The popularity of vinyl records is on the increase. Aaron Lee goes in search of answers
“I love how much the digital revolution has democratised music in the last 10 years,” says Sam Walton, a musician in Alice Gun’s band, “not only does it mean that you completely remove the indie-snob factor of: ‘Oh, I can listen to this and you can’t’, but it also means that for someone like me, my music is just as accessible to most people as, say, One Direction’s is.
“However, this ubiquity means that music has assumed a different role ‑ more disposable and ephemeral ‑ and I think vinyl is a great tool for making people care.”
Music was the first sector to feel the full effect of the digital revolution. Faster than many thought possible, it swept away the security of physical media, changed the craft of music-making and redefined how people consume music. Now vinyl is back and in vogue, but there’s more to the format’s revival than nostalgia.
Sales of vinyl were up over 40 per cent in 2011, helped by the demand for albums from Fleet Foxes, Radiohead, Adele and the Black Keys, which are not names you would associate with your stereotypical record collector of the 60s and 70s.
“It’s not just older people who are buying vinyl. In the last three or four years, we’ve started seeing newly minted vinyl fans,” says Ossie Hirst of Flashback Records in Islington.
“Partly, people have abandoned the mainstream CD shops that don’t cater to niche interests – HMV used to be a fantastic shop for back catalogues, but now they just release chart music. People come to shops like us and then they find out: ‘Hey, I can get this stuff on vinyl’. A lot of people come in here and buy one or two records; they might have a tiny collection, but they buy their favourite albums on vinyl.”
As well as being outlets for niche tastes, Jack Rollo, co-founder of Kristina Records, Dalston, says part of the reason he set up his store was for the social aspects: having a dialogue with customers, exchanging recommendations and putting on in-store gigs. Kristina opened in July 2011, and this surprise entry to a part of the retail world many have written off has been building momentum. It’s already had visits from south London rapper Roots Manuva and classical musician Clive Williams.
You only have to look to Rough Trade, with its coffee shop, recruitment boards and gig nights to know that the role of the record store has changed. Still, Rollo says small stores can survive selling vinyl.
“It’s still viable. We could see it’s viable. It just depends on how you do it and what attitude you take,” says Rollo, “I think that’s one of the things that’s gone well with Kristina is that Dalston is a place where a lot of people who work in the music industry live, so there’s a mixed element to the record shop.”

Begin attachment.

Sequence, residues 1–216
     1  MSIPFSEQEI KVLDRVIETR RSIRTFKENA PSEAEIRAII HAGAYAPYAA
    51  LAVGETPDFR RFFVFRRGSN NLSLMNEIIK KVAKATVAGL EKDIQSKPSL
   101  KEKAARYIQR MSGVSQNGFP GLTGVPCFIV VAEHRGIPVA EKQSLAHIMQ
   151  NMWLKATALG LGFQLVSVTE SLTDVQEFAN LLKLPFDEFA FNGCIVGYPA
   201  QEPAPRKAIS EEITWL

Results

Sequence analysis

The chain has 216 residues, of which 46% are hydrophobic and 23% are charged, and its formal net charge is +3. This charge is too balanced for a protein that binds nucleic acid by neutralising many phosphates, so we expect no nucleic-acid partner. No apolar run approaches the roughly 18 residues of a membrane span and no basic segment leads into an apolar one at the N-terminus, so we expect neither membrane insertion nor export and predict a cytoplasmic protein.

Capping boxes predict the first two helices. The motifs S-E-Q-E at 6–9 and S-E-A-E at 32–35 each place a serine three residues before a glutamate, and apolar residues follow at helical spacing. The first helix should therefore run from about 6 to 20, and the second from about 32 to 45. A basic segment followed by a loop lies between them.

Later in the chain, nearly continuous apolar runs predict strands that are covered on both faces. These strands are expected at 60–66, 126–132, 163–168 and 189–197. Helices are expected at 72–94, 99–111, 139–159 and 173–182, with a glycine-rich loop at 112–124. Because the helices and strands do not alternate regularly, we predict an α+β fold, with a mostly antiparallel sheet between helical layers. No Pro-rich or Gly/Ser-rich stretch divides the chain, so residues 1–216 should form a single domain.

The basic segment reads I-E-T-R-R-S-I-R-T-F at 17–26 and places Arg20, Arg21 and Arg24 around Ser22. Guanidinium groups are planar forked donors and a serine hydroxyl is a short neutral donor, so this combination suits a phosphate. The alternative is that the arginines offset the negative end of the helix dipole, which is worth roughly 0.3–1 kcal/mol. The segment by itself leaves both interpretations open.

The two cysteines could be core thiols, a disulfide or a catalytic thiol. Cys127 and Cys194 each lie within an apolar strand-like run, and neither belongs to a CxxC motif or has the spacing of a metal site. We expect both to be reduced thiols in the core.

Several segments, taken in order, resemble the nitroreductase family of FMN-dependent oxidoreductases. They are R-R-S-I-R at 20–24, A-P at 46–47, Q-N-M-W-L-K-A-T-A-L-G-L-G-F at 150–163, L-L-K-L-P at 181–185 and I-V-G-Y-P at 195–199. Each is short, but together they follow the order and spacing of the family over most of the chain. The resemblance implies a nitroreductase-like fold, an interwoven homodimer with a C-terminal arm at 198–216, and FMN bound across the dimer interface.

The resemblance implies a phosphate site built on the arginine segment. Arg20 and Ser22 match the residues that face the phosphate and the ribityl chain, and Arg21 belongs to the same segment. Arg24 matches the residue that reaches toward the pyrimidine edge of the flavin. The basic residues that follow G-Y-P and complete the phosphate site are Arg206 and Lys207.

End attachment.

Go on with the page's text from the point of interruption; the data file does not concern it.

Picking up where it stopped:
Tune into your heart
Indeed, national Record Store Day, which started in the US in 2007, has been a way of generating more support for independents. Hundreds of limited releases, a large portion of them from major labels, like EMI, Warner Bros and Universal, have made it the busiest time of year for stores.
However, Mark Burgess, founder of Flashback Records, which started in 1997, and member of Red Horses of the Snow, says it’s the devotion of fans that has pushed the major labels to keep vinyl alive: “The major labels have been very reluctant, because they had a vested interest in killing off vinyl right from the early 90s. They didn’t want to release things in two formats [the other being CD], because it’s far more expensive.
“They’ve slowly come round to the fact that there are more and more people buying vinyl, and major labels, basically, just want to make money. Now they’re starting to see that the vinyl market is recovering, I think they’re getting more behind vinyl as a means to make money, rather than the loss-leader which it has been for some years.”
While the majors are all for vinyl if it sells, the independent labels never stopped supporting it. Labels such as Blackest Ever Black, Kye Records and Angular Records, which was set up by former Goldsmiths students, have supported small stores with experimental and diverse music for years. More than that, they have continued to serve up vinyl-only tracks, which have become increasingly rare in the wake of digital. Jack White’s Third Man Records has even hidden 7” tracks inside 12” records which have to be broken open to get at the good stuff – how’s that for hard core?
Al Mobbs, founder of indie label Ambiguous Records and director on the board of the Association of Independent Music, says: “As a label owner, I know that for anybody who chooses to buy the music I put on vinyl, it’s not disposable. It is a smaller market but making a small, limited edition run of records, maybe 300, hand-numbered, makes them really special. If I had the choice of giving a friend a signed 7” single or emailing them an MP3, the vinyl would mean so much more.”
Yes, nostalgia for the days of the Beatles, Mini Coopers and George Best are part of why vinyl is back in vogue, but that’s being overtaken by interest from younger music fans and fresh collectors.
“Virtually every other Hollywood film that comes out, there’s a scene with someone putting a record on,” says Burgess, “Vinyl, at the moment, has a coolness which I can’t see diminishing, because people will still want to have those artefacts.”
And, for Walton, these ‘artefacts’ are a sign that people truly treasure music: “You can’t take an LP out and about with you, so you have to put aside a time to sit down and listen to it at home. You also make more of an emotional investment in it too: there’s no skipping, so you have to commit!
“That level of investment might seem daunting, but as a musician it’s rewarding to know that listeners are paying as much loving attention to it as I did when I made it.”